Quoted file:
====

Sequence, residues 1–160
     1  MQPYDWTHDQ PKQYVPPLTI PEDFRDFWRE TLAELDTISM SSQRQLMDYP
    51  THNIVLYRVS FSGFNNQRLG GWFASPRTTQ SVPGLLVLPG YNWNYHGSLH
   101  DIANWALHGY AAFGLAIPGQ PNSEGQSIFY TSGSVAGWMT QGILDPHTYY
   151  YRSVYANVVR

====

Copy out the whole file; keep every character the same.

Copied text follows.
Sequence, residues 1–160
     1  MQPYDWTHDQ PKQYVPPLTI PEDFRDFWRE TLAELDTISM SSQRQLMDYP
    51  THNIVLYRVS FSGFNNQRLG GWFASPRTTQ SVPGLLVLPG YNWNYHGSLH
   101  DIANWALHGY AAFGLAIPGQ PNSEGQSIFY TSGSVAGWMT QGILDPHTYY
   151  YRSVYANVVR